Four and a half stars.

 Cyclone by TANGERINE DREAM album cover Studio Album, 1978
3.59 | 302 ratings

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Cyclone
Tangerine Dream Progressive Electronic

Review by Scorpius

4 stars There are two different types of Tangerine Dream fans. Those who despise this album and those who believe it is a masterpiece. I happen to fall very close to the latter of these two. This album is very underrated, but I do see where those who hate it are coming from. Certain tracks fall short, holding down the rest of the album from critical acclaim. Lets get to it, shall we?

The album begins with "Cold Bent Sidewalk", a 13 minute epic that introduced vocals into Tangerine Dream's sound. This track was actually my introduction into the band, so I might be biased here, but I think it's genius. Many people criticize the vocals for being uninspired and bland. I honestly don't understand where this is coming from. I always thought the track had riveting, inspired, beautiful vocals that blend with the song perfectly. The vocals on this track and the next are one of the main reasons this album divides TD fans so much. Although the vocals are endlessly criticized, there is no denying how epic and beautiful the instrumental part of this track is. Synthesizer and moog arpeggios intertwine with some almost Jethro Tull-like flute. Its simple, its genius, and most importantly, its Tangerine Dream.

The next track is "Rising Runner Missed by Endless Sender". This is the track that for me, holds this album back from 5 stars. The vocals are grating and repetitive, and so is the music. The keyboard arpeggios are back, but this time all they do is repeat, with a change in pitch every minute or so. Thank God this track is short, or I might have had to give this album a lower rating.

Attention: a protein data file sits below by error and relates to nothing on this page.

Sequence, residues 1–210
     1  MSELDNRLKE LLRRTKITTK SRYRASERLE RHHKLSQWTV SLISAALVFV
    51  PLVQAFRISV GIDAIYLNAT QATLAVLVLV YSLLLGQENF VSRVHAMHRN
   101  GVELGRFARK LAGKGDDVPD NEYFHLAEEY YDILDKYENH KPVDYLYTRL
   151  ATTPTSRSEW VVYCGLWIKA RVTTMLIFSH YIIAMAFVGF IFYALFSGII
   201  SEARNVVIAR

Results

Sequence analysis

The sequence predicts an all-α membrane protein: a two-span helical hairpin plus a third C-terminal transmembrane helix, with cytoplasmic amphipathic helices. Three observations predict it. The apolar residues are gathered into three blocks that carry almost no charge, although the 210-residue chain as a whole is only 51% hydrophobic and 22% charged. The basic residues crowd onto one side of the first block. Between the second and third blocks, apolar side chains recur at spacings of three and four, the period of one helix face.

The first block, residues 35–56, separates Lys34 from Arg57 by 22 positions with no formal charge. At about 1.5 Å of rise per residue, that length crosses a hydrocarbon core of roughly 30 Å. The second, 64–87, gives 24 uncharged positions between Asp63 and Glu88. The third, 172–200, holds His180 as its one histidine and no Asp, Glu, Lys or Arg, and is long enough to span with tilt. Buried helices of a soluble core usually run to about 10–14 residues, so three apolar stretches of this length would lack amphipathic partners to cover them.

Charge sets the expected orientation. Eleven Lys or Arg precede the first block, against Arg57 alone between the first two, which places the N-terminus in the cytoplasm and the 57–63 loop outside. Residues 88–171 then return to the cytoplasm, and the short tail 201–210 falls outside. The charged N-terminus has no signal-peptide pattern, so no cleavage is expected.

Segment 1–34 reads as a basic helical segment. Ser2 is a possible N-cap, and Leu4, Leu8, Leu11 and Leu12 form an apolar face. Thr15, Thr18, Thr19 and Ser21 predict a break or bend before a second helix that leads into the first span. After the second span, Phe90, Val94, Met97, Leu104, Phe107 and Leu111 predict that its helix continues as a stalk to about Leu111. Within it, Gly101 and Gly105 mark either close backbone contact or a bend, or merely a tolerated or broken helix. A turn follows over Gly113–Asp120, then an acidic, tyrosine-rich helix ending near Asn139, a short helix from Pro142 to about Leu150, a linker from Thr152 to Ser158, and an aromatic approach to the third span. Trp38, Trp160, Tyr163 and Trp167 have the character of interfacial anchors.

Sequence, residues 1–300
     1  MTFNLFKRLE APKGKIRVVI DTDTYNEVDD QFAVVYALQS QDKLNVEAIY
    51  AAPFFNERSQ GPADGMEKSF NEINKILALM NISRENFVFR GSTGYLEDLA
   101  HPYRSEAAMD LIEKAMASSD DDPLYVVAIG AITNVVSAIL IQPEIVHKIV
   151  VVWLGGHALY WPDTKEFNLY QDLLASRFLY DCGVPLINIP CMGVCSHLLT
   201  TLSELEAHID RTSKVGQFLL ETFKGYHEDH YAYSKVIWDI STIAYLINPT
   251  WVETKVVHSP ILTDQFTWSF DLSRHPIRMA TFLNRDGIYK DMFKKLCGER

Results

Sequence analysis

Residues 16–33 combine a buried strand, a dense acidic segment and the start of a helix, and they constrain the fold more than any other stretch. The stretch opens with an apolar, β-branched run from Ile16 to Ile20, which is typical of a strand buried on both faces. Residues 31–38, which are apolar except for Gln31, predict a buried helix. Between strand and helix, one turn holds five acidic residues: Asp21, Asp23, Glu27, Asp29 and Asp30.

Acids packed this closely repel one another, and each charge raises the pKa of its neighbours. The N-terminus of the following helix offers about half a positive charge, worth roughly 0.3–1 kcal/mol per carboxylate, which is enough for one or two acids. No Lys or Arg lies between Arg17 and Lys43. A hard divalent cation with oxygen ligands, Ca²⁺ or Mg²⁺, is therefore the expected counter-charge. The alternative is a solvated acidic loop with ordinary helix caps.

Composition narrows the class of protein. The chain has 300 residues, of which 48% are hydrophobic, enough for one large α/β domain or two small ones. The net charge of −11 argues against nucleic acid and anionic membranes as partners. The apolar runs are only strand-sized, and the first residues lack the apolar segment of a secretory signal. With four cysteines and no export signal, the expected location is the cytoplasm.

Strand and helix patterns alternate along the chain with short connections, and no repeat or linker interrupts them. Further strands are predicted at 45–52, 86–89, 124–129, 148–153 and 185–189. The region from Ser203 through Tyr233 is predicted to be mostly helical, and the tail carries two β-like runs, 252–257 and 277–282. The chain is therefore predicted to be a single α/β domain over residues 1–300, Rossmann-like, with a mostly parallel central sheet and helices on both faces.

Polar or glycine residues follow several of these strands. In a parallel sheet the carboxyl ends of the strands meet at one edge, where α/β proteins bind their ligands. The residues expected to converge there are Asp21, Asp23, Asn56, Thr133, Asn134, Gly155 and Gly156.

The final track is "Madrigal Meridian", a 20 minute epic closer. No more vocals. Happy? This track is your classic Tangerine Dream epic. Epic tracks like these, at least for me, are generally hard to dissect, so I wont even try. Let me just say that if you are a fan of the older TD sound found on Rubycon and most of Phaedra, you will love this track. Had it been on a more respected TD album, this track would get the much needed respect and love it deserves.

 Kontinuum by SCHULZE, KLAUS album cover Studio Album, 2007
3.72 | 65 ratings

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Kontinuum
Klaus Schulze Progressive Electronic

Review by Modrigue
Prog Reviewer

3 stars The recovered continuity

Whereas the troubled new-wave / new-age waters of the 80's were a difficult context for Klaus Schulze to express himself, the 90's represent a celebration of his ideas with the explosion of techno and trance. However, for me, it was the third millennium that really saw the genuine awakening of the German Moog pioneer. Schulze finally found his place in the contemporary musical landscape, and managed to renew himself better than most other historical electronic bands, such as TANGERINE DREAM for example.

"Kontinuum" revives the typical schulzian experience by offering extended hypnotic sequenced soundscapes with modern sonorities. The three titles are continuous, forming a single track of 76 minutes. Besides a return to the original 70's recipe, this opus also marks the 60-years anniversary of the synthesizer wizard.

As you may have guessed, "Sequenzer (from 70 To 07)" is a reference to Schulze's career in the musical industry, as his first studio release dates back to his participation to TD's "Electronic Meditation" in 1970. A spacey sequenced title, the Berlin School style, pulsating and mesmerizing. During the last third, the loops vanish to unveil hazy waves of ambient keyboards. A nice trip, although a bit too long, which will be a recurring reproach about the disc. "Euro Caravan" begins atmospheric to then turn esoteric with its middle-eastern-ish vocalizations. Interesting when you know Schulze will further collaborate with Lisa Gerrard from DEAD CAN DANCE... A dynamic sequence reminding the good-old days adds a futuristic fauna to this desert landscape. An electronic caravan is passing...